By Metro, Moscow
The metro is the easiest and most reliable way to get around Moscow. It operates from 5:30 a.m. to 1:00 a.m. Trains run at intervals 2-5 minutes. Its layout is very simple: ten radial lines are joined together by a circular line.
Each radial line has its own name and color on the map, and you can get from practically any station to another with a maximum of two transfers.
Metro stations are marked with the large letter 'M'. To pay for your ride, buy a magnetic card at the station ticket office and lean it against the yellow ring of one of the automatic gates.
The fare for any length trip (whether you make one or two transfers) is 22 roubles (about US $ 0.70) for one-trip ticket. You can save money by buying magnetic cards for 1, 2, 5, 10, 20 or 60 trips for less than 22 roubles a trip.
In every car there are several colored metro maps, above the doors is a diagram with the names (in Russian and English) of the stops of the line you are on (the diagram has the color of the line).
The loud speaker announces (in Russian) the next coming stop and the stop you are on.
Be careful: the doors close and open automatically!
Each station has a police post, a first-aid station and local telephones. Plastic cards for telephones can be bought at the metro station ticket office.
...in Metro English, too -)
Total number of passengers carried a year 2528,7 mln.
including: commuters paying concessionary fares 917,3 mln.
among them: students and schoolchildren 254,6 mln.
Maximum daily number of passengers 9554,7 thous.
Total operation length (two tracks) 298,8 km
Number of lines 12
The longest line Arbatsko-Pokrovskaya (43,7 km)
The shortest line Kakhovskaya (3,3 km)
The longest line section between stations Krylatskoe - Strogino (6625 m)
The shortest line section between stations Vystavochnaya – Mezhdunarodnaya (500 m)
Number of stations 180
of exchange stations 61
of station junctions 26
of sub-surface stations 15
The deepest station Park Pobedy (84 m)
The stations closest to the surface Pechatniki
The longest station (the longest station platform) Vorobiovy Gory (282 m)
Number of stations with one ticket hall 70
Number of ticket halls 273
Number of sub-surface ticket halls 119
Cladding area (total) 795,5 thous.sq.m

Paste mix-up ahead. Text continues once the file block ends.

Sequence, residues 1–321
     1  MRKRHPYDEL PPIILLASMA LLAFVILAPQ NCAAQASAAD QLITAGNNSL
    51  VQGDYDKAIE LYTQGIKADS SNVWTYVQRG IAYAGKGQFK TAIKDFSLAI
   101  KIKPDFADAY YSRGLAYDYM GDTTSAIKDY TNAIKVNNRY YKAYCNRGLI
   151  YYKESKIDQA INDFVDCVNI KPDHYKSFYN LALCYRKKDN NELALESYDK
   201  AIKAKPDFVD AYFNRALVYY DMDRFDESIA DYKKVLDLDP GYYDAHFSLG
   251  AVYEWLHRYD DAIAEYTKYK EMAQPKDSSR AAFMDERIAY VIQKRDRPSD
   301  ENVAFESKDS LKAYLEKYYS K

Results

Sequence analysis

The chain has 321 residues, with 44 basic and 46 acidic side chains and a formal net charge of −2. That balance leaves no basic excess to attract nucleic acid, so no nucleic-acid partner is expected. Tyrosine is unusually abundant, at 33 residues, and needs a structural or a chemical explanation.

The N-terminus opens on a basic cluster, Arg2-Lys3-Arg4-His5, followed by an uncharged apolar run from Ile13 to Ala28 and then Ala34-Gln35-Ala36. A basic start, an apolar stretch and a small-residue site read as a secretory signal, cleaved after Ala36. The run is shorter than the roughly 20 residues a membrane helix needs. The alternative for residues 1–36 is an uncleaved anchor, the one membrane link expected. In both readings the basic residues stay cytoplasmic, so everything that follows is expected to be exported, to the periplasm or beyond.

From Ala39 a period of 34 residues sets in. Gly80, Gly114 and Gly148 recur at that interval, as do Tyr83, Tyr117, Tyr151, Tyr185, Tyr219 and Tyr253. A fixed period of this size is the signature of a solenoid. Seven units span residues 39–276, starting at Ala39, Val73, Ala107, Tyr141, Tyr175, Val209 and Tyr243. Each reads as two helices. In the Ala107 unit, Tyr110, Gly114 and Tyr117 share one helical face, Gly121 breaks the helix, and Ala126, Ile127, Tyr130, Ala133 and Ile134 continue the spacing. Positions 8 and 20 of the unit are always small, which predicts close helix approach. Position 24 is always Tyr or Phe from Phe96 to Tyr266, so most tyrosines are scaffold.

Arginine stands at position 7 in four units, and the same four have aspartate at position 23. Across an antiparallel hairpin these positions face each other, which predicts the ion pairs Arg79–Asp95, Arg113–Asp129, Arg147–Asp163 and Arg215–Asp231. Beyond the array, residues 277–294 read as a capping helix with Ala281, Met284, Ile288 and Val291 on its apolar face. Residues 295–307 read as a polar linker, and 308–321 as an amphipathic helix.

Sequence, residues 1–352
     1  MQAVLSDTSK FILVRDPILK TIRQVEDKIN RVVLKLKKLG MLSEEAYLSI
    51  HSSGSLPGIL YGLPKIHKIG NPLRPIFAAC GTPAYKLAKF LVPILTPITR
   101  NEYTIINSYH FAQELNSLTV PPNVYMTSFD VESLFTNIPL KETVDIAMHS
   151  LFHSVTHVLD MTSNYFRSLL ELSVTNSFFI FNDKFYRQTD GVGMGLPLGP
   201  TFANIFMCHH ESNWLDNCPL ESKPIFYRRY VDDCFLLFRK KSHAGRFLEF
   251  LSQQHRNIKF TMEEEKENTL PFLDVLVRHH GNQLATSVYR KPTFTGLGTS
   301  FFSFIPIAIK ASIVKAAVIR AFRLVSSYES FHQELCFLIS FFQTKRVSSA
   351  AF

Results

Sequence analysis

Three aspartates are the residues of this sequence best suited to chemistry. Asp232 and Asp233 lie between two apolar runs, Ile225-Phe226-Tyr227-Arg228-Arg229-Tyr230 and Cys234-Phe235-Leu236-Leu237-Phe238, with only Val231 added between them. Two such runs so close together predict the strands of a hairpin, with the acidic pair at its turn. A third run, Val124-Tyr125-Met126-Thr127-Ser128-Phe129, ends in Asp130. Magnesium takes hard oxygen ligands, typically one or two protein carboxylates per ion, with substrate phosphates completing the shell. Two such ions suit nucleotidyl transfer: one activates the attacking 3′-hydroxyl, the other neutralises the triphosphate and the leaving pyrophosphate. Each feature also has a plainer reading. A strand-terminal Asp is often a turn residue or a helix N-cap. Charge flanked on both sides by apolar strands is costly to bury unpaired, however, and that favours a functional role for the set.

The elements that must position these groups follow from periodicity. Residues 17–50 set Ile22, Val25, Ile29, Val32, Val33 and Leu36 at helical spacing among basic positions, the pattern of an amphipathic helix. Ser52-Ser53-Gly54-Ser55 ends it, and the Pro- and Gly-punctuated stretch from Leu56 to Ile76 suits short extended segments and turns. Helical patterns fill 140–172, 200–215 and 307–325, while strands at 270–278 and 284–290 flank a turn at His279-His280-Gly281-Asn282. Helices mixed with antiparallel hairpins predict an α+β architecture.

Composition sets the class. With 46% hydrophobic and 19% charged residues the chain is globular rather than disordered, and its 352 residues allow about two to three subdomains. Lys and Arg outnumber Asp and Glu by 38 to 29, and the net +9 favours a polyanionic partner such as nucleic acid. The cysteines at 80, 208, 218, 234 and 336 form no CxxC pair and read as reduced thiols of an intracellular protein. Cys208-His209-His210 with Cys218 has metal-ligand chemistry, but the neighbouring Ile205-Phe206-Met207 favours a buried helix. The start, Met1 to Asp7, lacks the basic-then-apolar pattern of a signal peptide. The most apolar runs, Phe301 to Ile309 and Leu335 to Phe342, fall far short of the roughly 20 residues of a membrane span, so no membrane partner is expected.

marble cladding 358,5 thous.sq.m
granite cladding 72,6 thous.sq.m
various cladding 219,9 thous.sq.m
other cladding 144,4 thous.sq.m
Number of ticket gates in automatic fare collection system (entrance) 2545
Number of stations with escalators 126
Number of escalators 643
Including: at the stations of Monorail transport system 18
Total length of escalators staircases 67,4 km
The longest escalator 126 m (Park Pobedy)
Number of steps 175423
Number of depots 15
Trains capacity (per day) 10072
Average train speed 41,55 km/h
Inventory rolling stock (average per day) 4545
Rolling stock in operation (average per day) 3565
Total car/km 733,6 mln.car.km
Including: with passengers 699,2 mln.car.km
Passenger/km 32872,5 mln.passeng.km
Daily car/km 562,3 car.km
Car utilization ration 0,79
Traction power consumption 55,36 kWh thous.km
Average number of passengers in a car 48
Ventilating shafts 406
Local ventilation systems in operation 5551
Number of staff 37401
Fulfilment of train schedule 99,98 %
Minimal headway 90 sec.
Average trip length 13,0 km
Just copied and pasted:
How do I get from the airport to the city centre?
If you travel to/from Sheremetievo airport, you can take an express train that operates between Sheremetievo airport and Belorussky railway station (Belorusskaya metro station, Circle line). Bus and taxi services are also available.
You can also easily get to or from Domodedovo airport at any time. Click here for more information.
Are there toilets in Moscow metro?
No, there are no toilets for passengers in Moscow metro.
Who is responsible for giving names to new metro stations?
According to Moscow city regulations, Moscow city committee that is in charge of giving names to streets and new metro stations.
Can I take photographs in metro? How can I get a permission for shooting and how much does it cost?
Amateur photography (without using stationery equipment and professional cameras, permitted body height - under 140 mm and/or lens length under 100 mm) in Moscow metro is allowed and therefore no permission is necessary.
To obtain a permission for professional photography, send a letter on the company’s letterhead to the head of Moscow metro Dmitry Gaev to this fax: +7 (495) 631-3744 (telephone: +7 (495) 688-0291) and state the following: purpose of the filming, date, location (station), equipment and name of the person responsible for shooting.
The staff of Moscow metro PR department will get in touch with the person responsible for shooting within 5-10 working days and advise him on further actions.
Do you have a metro museum? Where is it located?
Moscow metro museum occupies the first and the second floor of Sportivnaya station south vestibule (36, Khamovnichesky val). For more information, click here.
Is it possible to travel with bicycles in metro?
Moscow metro regulations prohibit transportation of bicycles or other means of transport, excepting wheelchairs and baby carriages. Bicycles can be carried as luggage when they are dismantled and packed.
How do I use a smart card?